Riccardo attempts to answer questions about where scholarship of teaching and learning sits in relation to professional development and research.
A few months ago we had a CPD session on SoTL, which left as many questions unanswered as answered. Much of the confusion about SoTL, at least on my part, seems to be down to the appropriation of an already meaningful academic (traditional) idea of research and scholarship and its conflation with other ideas and activities related to reflection on teaching practice and CPD.
I understand that traditional idea of research and scholarship (at least in our school) to generally mean:
A: extended research into content related to a subject specialism resulting in a text (article in edited collection/journal, or monograph) which is published in a widely recognised publication. The main outcome of this is a peer-acknowledged addition to subject knowledge base/debate (an incidental/additional outcome might be professional advancement).
And I understand the latter, SoTL, idea of scholarship to include a much more diverse range of activities, but in essence it seems to mean:
B: reflection on teaching practice (what one does as a university teacher), evidenced (in a variety of ways) and shared (in a variety of ways). The main outcome of this would be professional development/advancement.
Obviously, there can be overlap between A & B when that ‘content’ area/subject specialism is teaching/education.
Both of A & B are important, although in terms of my job as an EAP tutor, it is B which is most immediately relevant to my current role. But I do have two main questions about what B means in practice:
1) Given what I take to be the nature of SoTL and how it is broken down into (i) the doing of teaching, (ii) evidencing ‘reflection’ on that and then (iii) disseminating that ‘reflection’, the first concern is simply finding the time within the working week to do (ii) & (iii) at all, let alone, as one would hope, do them well. I think pretty much all my year round colleagues actively reflect on their teaching practice as a fundamental part of doing their job by integrating reading, attending talks and conferences, sharing and discussing ideas with colleagues, etc.. But the additional time required to ‘evidence’ this, and then disseminate it, even with an accurately apportioned SoTL ‘allowance’ (still yet to be clearly defined) and excellent time-management skills, would be a challenge.
This also means that those tutors who are fully invested in the actual doing of teaching, course directing, course development and design (presupposing reflection as an integral part of these activities), may be at a disadvantage when SoTL output is used as part of the system of recognition and promotion. Often tutors use any ‘additional’ time they may have, not to mention over-time, to directly and immediately improve the students’ experience and their learning because, for them, this is the priority. I understand that a balance needs to be struck in how we use our time, but when choices have to made surely it can’t be right that a teacher who chooses to invest that extra bit directly in their students’ development is potentially ‘penalised’ because a self-produced portfolio of demonstrated development will be incomplete (it has also been suggested to me that this portfolio will always be incomplete because demonstrating a preponderance of the promotion criteria is already too far out of realistic reach).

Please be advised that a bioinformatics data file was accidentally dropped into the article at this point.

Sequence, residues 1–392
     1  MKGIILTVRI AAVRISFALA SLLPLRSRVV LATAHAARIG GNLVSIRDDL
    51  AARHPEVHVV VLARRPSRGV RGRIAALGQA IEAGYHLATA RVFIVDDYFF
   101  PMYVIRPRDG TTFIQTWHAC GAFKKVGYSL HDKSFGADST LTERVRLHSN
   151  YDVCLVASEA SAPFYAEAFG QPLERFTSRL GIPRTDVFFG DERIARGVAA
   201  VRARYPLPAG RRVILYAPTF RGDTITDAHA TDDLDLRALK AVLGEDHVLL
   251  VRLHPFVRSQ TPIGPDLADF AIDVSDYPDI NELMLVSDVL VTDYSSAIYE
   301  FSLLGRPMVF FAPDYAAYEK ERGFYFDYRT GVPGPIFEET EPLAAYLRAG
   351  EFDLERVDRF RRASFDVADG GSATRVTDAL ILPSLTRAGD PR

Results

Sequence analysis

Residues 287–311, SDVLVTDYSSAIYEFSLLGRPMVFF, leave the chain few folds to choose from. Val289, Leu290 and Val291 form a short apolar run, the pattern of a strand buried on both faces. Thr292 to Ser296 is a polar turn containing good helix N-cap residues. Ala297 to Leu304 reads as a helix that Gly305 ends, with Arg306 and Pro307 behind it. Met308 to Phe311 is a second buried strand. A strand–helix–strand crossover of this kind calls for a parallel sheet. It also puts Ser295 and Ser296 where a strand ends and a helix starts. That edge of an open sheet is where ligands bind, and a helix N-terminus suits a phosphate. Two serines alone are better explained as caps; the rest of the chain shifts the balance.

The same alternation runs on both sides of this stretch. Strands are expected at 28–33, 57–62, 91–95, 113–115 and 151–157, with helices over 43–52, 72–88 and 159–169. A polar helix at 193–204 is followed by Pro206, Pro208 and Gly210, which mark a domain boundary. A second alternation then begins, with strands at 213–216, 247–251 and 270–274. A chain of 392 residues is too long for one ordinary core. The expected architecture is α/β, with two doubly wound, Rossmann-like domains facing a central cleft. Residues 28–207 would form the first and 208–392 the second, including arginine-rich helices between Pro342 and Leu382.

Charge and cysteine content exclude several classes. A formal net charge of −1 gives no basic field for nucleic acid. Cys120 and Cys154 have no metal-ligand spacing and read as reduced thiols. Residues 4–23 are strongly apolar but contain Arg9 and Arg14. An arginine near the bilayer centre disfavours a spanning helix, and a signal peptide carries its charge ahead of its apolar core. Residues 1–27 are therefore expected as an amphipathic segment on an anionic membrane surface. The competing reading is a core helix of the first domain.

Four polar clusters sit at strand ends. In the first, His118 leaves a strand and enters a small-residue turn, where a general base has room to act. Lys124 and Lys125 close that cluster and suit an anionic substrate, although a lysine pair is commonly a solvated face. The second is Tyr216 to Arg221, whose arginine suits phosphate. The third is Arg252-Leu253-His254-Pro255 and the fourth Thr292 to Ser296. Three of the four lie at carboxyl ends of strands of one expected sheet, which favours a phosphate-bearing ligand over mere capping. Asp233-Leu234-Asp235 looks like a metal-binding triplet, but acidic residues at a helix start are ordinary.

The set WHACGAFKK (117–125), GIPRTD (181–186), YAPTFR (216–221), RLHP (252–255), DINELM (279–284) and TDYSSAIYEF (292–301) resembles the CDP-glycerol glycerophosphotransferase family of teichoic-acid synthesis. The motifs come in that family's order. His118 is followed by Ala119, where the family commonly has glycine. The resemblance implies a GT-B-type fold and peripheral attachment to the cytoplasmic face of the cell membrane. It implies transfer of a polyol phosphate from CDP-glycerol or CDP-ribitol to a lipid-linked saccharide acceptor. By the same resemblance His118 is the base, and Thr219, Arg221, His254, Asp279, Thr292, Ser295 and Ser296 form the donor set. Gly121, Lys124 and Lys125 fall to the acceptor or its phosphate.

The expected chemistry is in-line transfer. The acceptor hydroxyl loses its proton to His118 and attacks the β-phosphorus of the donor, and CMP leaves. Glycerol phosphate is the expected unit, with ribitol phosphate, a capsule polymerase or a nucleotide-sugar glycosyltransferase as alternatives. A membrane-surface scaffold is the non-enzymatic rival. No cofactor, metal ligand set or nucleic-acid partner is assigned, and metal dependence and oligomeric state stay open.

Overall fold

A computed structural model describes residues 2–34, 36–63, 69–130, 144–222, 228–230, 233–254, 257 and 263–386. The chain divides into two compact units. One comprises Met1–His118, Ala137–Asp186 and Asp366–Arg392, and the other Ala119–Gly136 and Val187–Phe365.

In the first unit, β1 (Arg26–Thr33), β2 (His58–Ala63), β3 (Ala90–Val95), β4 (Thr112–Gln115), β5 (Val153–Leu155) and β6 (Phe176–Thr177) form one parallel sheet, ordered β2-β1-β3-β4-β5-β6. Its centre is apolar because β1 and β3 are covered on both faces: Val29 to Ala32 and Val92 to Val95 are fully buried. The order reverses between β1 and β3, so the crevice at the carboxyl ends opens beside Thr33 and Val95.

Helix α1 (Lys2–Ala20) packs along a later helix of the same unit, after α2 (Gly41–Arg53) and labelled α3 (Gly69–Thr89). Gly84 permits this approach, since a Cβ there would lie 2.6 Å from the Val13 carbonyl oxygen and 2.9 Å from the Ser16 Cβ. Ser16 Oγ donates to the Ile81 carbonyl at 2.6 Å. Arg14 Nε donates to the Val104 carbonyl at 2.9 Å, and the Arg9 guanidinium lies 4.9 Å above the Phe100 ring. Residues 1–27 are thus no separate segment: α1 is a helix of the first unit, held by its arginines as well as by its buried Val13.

2) The other main question I have is that, given the shortage of time to do SoTL at all, and then do it well, there are possible impacts on the quality of this output, and the variety of ways of evidencing and disseminating it might mean that ‘anything goes’. I’ve done a few sessions myself, and given talks and presentations, but I would feel very uncomfortable about describing what I’ve done as scholarship or research. I think to do so both does a disservice to the more traditional research which is being done, as well as undermines the very real and valuable role of CPD and reflection. This question is of particular relevance to me as an EAP tutor given that my job here is about these things called academic standards, processes and practices, and what this more extended idea of research and scholarship therefore means in terms of what I teach. If academic discourses are indeed broadening out in this way, and if the idea of ‘research and scholarship’ is likewise changing, then what constitutes meaningful engagement with, and contributions to, ‘knowledge’ within the academy must also be changing. I’d be very interested to know what colleagues think some of the implications of this last point, in particular, might be in terms of our EAP provision and what we teach.
Riccardo is an EAP tutor, course director and course designer at Glasgow University. His current research interests include the relationship between knowledge development and course design, as well as improving models of in-sessional EAP delivery.
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